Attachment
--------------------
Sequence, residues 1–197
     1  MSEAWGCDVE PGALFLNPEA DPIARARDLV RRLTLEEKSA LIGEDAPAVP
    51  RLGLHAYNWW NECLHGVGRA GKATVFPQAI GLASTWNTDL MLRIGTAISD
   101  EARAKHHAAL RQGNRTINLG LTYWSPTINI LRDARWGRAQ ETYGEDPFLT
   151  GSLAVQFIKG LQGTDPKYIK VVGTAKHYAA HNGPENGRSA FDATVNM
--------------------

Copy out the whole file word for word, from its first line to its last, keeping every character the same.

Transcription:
Sequence, residues 1–197
     1  MSEAWGCDVE PGALFLNPEA DPIARARDLV RRLTLEEKSA LIGEDAPAVP
    51  RLGLHAYNWW NECLHGVGRA GKATVFPQAI GLASTWNTDL MLRIGTAISD
   101  EARAKHHAAL RQGNRTINLG LTYWSPTINI LRDARWGRAQ ETYGEDPFLT
   151  GSLAVQFIKG LQGTDPKYIK VVGTAKHYAA HNGPENGRSA FDATVNM